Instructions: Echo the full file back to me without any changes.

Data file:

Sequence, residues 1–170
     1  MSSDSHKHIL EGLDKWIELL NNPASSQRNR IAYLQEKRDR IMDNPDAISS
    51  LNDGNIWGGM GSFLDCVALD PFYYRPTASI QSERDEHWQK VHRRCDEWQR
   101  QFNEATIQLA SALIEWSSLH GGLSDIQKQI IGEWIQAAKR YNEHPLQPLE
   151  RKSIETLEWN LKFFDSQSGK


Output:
Sequence, residues 1–170
     1  MSSDSHKHIL EGLDKWIELL NNPASSQRNR IAYLQEKRDR IMDNPDAISS
    51  LNDGNIWGGM GSFLDCVALD PFYYRPTASI QSERDEHWQK VHRRCDEWQR
   101  QFNEATIQLA SALIEWSSLH GGLSDIQKQI IGEWIQAAKR YNEHPLQPLE
   151  RKSIETLEWN LKFFDSQSGK